The term sensitive period refers to the notion that the effects of environmental stimuli on the developing organism are stronger during certain periods of development. The traditional term, “critical period,” was based on the assumption that these developmental periods were innate and had a fixed onset and termination. However, more recent research has suggested that they are influenced by environmental factors and are flexible in terms of their beginning and end; thus, the term “sensitive periods” is more commonly preferred (Michel & Taylor, 2005).
Additional distinctions have been made between the terms “sensitive” and “critical” period. Fox (1970) suggested that the term “critical period” be used when a specific environmental stimulus is needed to cue normal development, whereas the term “sensitive period” be used to describe when the development is more easily influenced by a negative environmental event. The relative vulnerability of the...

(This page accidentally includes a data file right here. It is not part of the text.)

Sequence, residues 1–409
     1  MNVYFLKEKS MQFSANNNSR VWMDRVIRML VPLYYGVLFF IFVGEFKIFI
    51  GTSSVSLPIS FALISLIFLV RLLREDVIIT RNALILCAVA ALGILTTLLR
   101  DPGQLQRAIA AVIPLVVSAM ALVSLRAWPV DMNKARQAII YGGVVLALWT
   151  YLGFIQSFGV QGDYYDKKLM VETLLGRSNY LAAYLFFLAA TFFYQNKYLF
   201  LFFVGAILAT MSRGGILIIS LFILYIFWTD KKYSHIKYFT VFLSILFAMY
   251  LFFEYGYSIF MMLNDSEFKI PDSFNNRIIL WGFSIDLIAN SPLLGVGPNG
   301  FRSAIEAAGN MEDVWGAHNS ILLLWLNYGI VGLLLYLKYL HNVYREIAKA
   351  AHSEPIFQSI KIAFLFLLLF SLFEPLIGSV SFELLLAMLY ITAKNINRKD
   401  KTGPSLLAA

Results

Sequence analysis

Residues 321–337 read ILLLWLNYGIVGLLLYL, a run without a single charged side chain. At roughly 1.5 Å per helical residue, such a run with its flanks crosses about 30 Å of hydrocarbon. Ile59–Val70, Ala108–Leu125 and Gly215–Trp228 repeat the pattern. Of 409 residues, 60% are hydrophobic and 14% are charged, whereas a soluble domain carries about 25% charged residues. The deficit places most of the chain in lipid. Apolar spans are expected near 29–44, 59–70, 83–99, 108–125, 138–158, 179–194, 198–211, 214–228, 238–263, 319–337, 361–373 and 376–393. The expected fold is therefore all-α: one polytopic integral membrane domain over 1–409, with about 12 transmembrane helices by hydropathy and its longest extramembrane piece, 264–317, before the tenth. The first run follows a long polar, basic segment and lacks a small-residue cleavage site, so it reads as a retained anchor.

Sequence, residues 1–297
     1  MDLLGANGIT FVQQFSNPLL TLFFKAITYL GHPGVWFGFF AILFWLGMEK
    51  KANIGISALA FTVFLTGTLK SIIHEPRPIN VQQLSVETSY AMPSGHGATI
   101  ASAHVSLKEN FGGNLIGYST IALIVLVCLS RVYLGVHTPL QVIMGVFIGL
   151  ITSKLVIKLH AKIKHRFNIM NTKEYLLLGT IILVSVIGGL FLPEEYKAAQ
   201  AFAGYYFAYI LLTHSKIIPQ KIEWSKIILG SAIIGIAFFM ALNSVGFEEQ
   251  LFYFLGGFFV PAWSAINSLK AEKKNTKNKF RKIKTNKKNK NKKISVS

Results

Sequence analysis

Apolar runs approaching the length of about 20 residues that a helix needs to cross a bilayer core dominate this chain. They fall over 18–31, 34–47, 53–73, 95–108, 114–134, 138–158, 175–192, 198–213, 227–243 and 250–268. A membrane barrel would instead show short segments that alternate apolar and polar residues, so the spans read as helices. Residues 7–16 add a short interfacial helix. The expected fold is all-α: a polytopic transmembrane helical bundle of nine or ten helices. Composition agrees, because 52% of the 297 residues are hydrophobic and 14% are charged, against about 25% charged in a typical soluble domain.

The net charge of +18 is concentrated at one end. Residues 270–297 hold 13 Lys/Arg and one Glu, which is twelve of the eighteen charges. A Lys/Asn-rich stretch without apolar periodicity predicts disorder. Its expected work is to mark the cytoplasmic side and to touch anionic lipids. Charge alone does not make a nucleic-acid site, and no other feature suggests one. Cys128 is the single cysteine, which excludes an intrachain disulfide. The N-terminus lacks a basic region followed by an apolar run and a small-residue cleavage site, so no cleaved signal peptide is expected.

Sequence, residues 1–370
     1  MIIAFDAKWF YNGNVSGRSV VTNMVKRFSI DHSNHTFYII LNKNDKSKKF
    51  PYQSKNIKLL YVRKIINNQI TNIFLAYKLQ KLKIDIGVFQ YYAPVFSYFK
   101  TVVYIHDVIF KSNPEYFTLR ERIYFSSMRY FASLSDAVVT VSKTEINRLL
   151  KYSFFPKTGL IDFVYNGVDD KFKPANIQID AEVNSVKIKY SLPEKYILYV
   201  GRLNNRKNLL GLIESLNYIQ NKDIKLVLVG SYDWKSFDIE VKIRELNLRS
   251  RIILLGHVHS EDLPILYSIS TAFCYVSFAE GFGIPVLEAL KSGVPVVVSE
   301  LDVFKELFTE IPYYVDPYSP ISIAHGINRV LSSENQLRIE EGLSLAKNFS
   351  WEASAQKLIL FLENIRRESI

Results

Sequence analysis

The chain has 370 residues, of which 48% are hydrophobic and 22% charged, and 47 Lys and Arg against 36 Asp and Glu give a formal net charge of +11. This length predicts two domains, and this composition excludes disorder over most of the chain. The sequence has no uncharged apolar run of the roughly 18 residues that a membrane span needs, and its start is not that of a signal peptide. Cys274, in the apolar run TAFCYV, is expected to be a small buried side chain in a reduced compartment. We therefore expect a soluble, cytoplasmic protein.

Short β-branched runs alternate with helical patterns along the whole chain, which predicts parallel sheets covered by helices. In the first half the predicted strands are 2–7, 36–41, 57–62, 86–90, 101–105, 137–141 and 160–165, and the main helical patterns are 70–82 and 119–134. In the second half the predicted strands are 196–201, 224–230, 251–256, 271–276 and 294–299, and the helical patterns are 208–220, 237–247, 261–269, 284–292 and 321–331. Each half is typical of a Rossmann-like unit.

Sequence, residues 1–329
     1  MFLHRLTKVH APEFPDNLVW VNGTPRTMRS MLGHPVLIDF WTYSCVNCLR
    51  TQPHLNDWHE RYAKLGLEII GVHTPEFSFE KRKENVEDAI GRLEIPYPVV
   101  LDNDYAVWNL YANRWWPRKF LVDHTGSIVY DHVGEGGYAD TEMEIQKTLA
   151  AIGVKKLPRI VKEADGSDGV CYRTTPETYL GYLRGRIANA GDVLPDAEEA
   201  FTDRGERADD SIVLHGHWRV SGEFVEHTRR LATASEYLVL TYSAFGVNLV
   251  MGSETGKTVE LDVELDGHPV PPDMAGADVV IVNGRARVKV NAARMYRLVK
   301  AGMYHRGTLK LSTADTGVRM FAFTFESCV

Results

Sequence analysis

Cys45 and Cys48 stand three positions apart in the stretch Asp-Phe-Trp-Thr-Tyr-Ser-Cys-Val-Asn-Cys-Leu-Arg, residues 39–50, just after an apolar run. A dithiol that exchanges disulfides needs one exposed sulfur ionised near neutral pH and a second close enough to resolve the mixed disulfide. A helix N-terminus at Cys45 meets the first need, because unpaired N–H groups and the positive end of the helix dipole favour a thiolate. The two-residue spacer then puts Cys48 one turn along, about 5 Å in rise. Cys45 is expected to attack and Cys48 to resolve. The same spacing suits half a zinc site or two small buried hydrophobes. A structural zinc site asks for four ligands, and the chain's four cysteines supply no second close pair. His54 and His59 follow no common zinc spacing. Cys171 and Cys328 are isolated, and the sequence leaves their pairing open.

References and Readings
- Fox, M. W. (1970). Overview and critique of stages and periods in canine development. Developmental Psychobiology, 4, 37.Google Scholar
- Spreen, O., Risser, A. H., & Edgell, D. (1995). Critical periods, plasticity, and recovery of function. In Developmental neuropsychology (pp. 139–155). New York: Oxford University Press.Google Scholar
- Stiles, J. (2008). The fundamentals of brain development (pp. 313–358). Cambridge, MA: Harvard University Press.Google Scholar
- Thomas, M. S. C., & Johnson, M. H. (2008). New advances in understanding sensitive periods in brain development. Current Directions in Psychological Science, 17, 1–5.Google Scholar